Photographs from Another Place: In search of Sydney J. Gearing


When an artist purchased some century-old glass negatives online, he couldn’t have imagined the journey they would take him on. Mike Pinnington investigates the haunting of Alan J. Ward… 

“I confess that I am often lost in all the dimensions of time, that the past sometimes feels nearer than the present.” – Deborah Levy, Hot Milk

Photographs, we know, are a fast lane to the past: personal and shared, and everything in between. They can be both intimate and culturally significant, sometimes becoming part of the global consciousness (as in those of Henri Cartier-Bresson, Dorothea Lange, or the iconic Earthrise). From the beginnings of the technology in 19th Century France (where the first photograph was made by inventor Joseph Nicéphore Niépce, in 1826), to today’s proliferation of images, spreading like wildfire on social media, they tell the story of who and what came before.

Whatever the possibilities wielded by photographs – be it on a macro or micro level – we tend always to think of our relationship to them in the past-tense. Old family photo albums tell of a time before us; nervy first day of school poses remind us of our selves as bundles of pent-up potential, waiting to be unleashed on the world. We think of this exchange as one way; it seems, necessarily, intuitively, backwards-looking.

When we go through our old photos, then, it is usually for nostalgia’s sake; an aide-memoire. By extension, when we think of the term ‘sepia-toned’, it is almost always related not only to old, faded photos, but inextricably, to old memories, too; our mind’s eye conjuring the same sun- and time-bleached effect. You can see this desire to reconnect with yesteryear extend out into wider contemporary culture; in the resurgence of such recently anachronistic brands as Polaroid; in the lament at the passing of Kodachrome film, discontinued earlier this century; and in the use of Super-8 by filmmakers. Such fetishization of old formats lends a kind of faux-vintage, retro-cool veneer to present-day proceedings, all of which springs from and is based in a collective cultural nostalgia.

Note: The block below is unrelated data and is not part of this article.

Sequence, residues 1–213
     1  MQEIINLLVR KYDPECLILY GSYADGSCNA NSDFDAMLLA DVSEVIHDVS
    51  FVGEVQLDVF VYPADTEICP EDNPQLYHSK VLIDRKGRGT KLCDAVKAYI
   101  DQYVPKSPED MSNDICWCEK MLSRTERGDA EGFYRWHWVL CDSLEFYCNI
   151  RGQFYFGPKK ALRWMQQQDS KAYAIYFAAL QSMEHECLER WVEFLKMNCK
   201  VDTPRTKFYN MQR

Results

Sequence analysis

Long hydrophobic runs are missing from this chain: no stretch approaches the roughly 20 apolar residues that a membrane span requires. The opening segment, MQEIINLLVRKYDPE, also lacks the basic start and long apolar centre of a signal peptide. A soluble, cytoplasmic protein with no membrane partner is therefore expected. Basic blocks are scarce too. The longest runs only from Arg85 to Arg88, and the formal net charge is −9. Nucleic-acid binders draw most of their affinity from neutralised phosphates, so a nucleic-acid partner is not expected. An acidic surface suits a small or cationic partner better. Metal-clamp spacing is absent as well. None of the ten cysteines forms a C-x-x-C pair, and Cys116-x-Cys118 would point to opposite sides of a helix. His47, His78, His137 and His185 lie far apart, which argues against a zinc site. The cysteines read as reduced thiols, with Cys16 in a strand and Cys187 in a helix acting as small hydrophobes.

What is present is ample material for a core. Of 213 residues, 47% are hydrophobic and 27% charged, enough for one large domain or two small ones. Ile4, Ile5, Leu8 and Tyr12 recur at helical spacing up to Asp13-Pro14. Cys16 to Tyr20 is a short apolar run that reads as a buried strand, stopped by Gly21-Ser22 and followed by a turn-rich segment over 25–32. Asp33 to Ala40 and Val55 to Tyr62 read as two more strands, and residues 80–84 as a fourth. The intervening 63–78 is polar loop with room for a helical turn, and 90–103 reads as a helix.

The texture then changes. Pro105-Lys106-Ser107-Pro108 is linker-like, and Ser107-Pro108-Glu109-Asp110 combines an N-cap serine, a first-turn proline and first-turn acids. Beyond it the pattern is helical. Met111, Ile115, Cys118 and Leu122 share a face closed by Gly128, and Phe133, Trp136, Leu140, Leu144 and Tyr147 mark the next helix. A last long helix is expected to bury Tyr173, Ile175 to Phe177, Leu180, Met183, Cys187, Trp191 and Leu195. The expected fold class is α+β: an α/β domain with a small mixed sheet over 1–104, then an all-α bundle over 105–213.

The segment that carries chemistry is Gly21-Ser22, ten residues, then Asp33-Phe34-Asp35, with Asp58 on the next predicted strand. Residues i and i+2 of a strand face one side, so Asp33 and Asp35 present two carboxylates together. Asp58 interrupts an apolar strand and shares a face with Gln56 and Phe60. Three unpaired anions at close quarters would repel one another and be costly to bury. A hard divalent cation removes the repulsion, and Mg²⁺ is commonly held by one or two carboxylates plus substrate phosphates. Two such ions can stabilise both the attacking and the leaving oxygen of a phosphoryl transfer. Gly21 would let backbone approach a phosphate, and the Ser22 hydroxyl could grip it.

“Ward’s findings set in motion a chain of events too numerous to think of as mere coincidence”

But the past isn’t necessarily inert; nor is it a cul-de-sac. Its tendrils have a way of creeping into ‘now’. Should we let it, it will insinuate itself in ways we could not have imagined. Once the door has been opened to the past, we are presented with certain questions. Among them: what if old photographs could impact our present, affecting the paths our lives are about to take? That is, having a say in our future. It might sound strange, fanciful even, but this is a question pertinent to artist Alan J. Ward.

In 2014, Manchester-based Ward, almost on a whim, purchased from eBay a collection of more than 230 glass negatives dating from c.1914 to the mid-20th Century. They “came in their original boxes,” he has said, “some of which were titled Wellington & Ward, the simple coincidence in surname gave them a personal value.” As he began to look more closely at their provenance, Ward – or, more accurately, his findings – set in motion a chain of events almost too numerous to think of as mere coincidence.


He became gripped by a past made physical by this set of negatives that he now thought himself custodian of. The majority of the photographs were made by Sydney J. Gearing (above) and, as Ward dug more deeply into the stories of the images and the people who appeared in them, he “pieced together the beginnings of a substantial family history”. In doing so, he found it shared echoes with his own. Most obviously, there were geographical correspondences; the families – separated by decades – having common migratory links, between Norfolk, London and the north-west. As Ward has said, acquiring the collection seems to have been pre-destined: “As I began to properly research the photographs… some very particular synergies with my own familial history began to form”. Such parallels, what he calls commonalities of experience, Ward has observed, “began to create some rules of engagement” for a wider project.